KIEV, Ukraine -- From the petty bribes parents must pay to get their kids into school, through to multibillion euro scandals, the former Soviet republic is riddled with corruption.
US vice president Joe Biden has never been one to hold his tongue.
He certainly didn’t in his recent trip to Kiev.
In a speech before Ukraine’s parliament, Biden told legislators that corruption was eating Ukraine “like a cancer,” and warned President Petro Poroshenko that Ukraine had “one more chance” to confront corruption before the United States cuts off aid.
Biden’s language was undiplomatic, but he’s right:
Ukraine needs radical reforms to root out graft.
After 18 months in power, Poroshenko still refuses to decisively confront corruption.
It’s time for Poroshenko to either step up his fight against corruption — or step down if he won’t.
The numbers speak for themselves. More than $12bn per year disappears from the Ukrainian budget, according to an adviser to Ukraine’s National Anti-Corruption Bureau.
And Transparency International ranks Ukraine 142 out of 174 countries on its Corruption Perceptions Index — below countries such as Uganda, Nicaragua and Nigeria.
Ordinary Ukrainians endure paying petty bribes in all areas of life.
From vehicle registration, to getting their children into kindergarten, to obtaining needed medicine, everything connected to government has a price.
The worst corruption occurs at the nexus between business oligarchs and government officials.
A small number of oligarchs control 70% of Ukraine’s economy, and over the years have captured and corrupted Ukraine’s political and judicial institutions.
As a result, a culture of impunity was created, where politicians, judges, prosecutors and oligarchs collude in a corrupt system where everyone but the average citizen benefits.
A few instances stand out for their brazenness.
In one case, $1.8bn of an IMF loan to Ukraine meant to support the banking system instead disappeared into offshore accounts affiliated with PrivatBank which is owned by Ihor Kolomoisky — one of Ukraine’s leading oligarchs.
Details have come to light thanks to the anti-corruption group Nashi Hroshi (‘Our Money’).
Forty-two import firms owned by 54 offshore entities borrowed $1.8bn from PrivatBank.
The offshore firms then used the IMF money to order goods from fictional suppliers, with the $1.8 billion in loans from PrivatBank secured by the goods on order.
When the fictional suppliers inevitably did not fulfill their end of the bargain, PrivatBank was left holding the bag with its $1.8bn gone offshore.
Unfortunately for Ukrainians — as well as Western taxpayers who fund the IMF — neither Kolomoisky nor anyone else in Ukraine has been held accountable and the case faded from public view in Kiev.
To contain rising populist sentiment and preserve western support, Poroshenko should take the following steps:
First, he needs to immediately fire current prosecutor General Viktor Shokin.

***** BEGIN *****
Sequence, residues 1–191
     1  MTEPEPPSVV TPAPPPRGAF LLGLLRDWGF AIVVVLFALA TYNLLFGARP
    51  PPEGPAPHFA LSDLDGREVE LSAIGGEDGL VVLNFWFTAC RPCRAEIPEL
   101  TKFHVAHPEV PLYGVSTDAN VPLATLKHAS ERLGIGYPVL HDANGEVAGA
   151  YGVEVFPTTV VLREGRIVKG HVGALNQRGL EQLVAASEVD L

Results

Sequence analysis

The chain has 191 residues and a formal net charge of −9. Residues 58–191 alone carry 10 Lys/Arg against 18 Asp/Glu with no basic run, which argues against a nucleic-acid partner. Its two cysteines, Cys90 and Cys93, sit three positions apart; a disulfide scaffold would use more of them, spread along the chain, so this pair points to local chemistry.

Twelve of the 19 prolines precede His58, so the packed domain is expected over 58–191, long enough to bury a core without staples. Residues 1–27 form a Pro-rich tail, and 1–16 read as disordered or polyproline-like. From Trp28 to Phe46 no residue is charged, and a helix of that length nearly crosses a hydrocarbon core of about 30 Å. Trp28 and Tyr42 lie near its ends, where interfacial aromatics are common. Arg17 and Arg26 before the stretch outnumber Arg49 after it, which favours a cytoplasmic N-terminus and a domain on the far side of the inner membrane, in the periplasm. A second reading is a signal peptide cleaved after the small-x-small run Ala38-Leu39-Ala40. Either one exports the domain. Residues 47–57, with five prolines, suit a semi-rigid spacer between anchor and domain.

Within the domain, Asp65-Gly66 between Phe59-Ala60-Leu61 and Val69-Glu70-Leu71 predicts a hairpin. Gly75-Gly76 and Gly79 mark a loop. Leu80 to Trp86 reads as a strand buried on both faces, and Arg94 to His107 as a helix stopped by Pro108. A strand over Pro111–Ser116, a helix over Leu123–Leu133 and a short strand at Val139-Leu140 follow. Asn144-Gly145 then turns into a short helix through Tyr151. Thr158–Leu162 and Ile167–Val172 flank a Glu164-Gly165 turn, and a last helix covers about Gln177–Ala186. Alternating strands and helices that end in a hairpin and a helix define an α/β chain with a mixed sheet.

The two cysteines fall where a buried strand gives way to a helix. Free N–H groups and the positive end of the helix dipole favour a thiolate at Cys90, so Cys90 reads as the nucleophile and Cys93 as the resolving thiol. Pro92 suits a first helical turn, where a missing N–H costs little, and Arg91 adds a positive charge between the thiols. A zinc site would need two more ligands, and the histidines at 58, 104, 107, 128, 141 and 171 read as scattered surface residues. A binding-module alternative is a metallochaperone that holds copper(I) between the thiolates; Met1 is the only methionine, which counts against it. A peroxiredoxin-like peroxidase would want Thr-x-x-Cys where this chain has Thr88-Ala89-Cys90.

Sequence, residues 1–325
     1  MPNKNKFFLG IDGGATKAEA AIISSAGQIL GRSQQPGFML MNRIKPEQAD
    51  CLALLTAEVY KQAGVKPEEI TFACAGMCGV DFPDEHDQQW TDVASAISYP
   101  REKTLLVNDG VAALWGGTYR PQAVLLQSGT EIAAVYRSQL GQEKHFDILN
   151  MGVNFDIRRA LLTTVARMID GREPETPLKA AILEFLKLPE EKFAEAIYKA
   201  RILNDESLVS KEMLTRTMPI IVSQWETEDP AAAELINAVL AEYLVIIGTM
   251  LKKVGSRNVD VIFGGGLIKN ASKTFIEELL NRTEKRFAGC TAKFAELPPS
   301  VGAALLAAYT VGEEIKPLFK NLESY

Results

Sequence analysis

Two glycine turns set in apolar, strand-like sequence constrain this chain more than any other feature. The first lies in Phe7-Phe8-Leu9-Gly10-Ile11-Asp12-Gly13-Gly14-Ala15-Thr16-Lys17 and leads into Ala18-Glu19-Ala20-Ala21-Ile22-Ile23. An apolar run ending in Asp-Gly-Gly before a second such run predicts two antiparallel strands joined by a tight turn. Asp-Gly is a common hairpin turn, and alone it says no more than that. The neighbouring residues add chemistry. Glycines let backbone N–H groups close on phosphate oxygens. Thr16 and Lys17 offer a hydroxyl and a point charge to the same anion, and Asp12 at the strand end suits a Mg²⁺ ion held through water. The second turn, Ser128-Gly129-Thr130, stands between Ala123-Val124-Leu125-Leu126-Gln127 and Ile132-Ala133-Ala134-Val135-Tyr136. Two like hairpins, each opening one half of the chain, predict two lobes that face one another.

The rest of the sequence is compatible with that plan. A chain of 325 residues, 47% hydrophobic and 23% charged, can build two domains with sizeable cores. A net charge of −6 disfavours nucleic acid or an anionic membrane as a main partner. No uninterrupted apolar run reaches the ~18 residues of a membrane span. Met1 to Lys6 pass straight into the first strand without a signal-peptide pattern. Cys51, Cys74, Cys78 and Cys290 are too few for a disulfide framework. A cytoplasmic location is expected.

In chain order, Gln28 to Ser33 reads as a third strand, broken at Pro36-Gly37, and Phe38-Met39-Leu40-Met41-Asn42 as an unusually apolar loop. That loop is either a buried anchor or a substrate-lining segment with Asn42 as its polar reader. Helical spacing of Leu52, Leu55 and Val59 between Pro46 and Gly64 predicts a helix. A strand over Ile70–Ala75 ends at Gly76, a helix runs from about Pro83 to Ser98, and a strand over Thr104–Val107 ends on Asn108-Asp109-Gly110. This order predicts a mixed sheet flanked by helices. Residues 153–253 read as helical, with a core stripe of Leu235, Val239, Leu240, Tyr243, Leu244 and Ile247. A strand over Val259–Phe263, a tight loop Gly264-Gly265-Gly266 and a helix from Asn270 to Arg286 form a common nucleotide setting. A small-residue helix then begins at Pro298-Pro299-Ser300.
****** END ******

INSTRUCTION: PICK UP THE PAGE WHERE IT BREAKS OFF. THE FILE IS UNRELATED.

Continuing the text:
The US ambassador to Ukraine recently called out Shokin’s office for “openly and aggressively undermining reform,” and leading reformers in Ukraine’s parliament and civil society continue to demand Shokin’s ouster.
Second, Poroshenko needs to sell all of the assets in his multi-billion dollar business empire.
When campaigning for the presidency last year, Poroshenko promised to do just that.
He’s the only one of Ukraine’s 10 richest people to see his net worth actually increase in the past year, and his bank continues to expand while others lose their licenses.
One of his industrial companies also won a large shipbuilding contract — a clear conflict of interest.
Moreover, while no evidence exists that Poroshenko uses his position to promote his broader business interests, Ukrainian television recently reported that Poroshenko shut down an investigation into damage to a protected historical site stemming from illegal construction on land Poroshenko owns.
Third, Poroshenko must take a hands-on role in the war against corruption.
While a new national anti-corruption bureau and prosecutor are in place, they have not started work yet.
Anti-corruption activists in Kiev fear both of these organisations will be “eaten by the system,” according to Daria Kaleniuk, executive director of the Anti-Corruption Action Center, a Ukrainian civil society organization.
Finally, Poroshenko should replace Yatsenyuk as Prime Minister.
Although Yatsenyuk deserves credit for pushing through painful economic and energy sector reforms,
he faces corruption investigations as well — not something Poroshenko needs from the second-most powerful official in the country.
Ukraine has not completely ignored the fight against corruption.
Government procurement tenders moved online and major civil service reform just passed.
But the key drivers of these measures are not government officials or politicians, many of who fight these changes tooth and nail, but civil society organizations.
Reformers demand radical change, and given the billions of dollars stolen each year by powerful people, they are doing so at great personal risk.
Poroshenko must join Ukraine’s reformers in pushing for this change — and if he refuses to do so, he should resign.
Source: Irish Examiner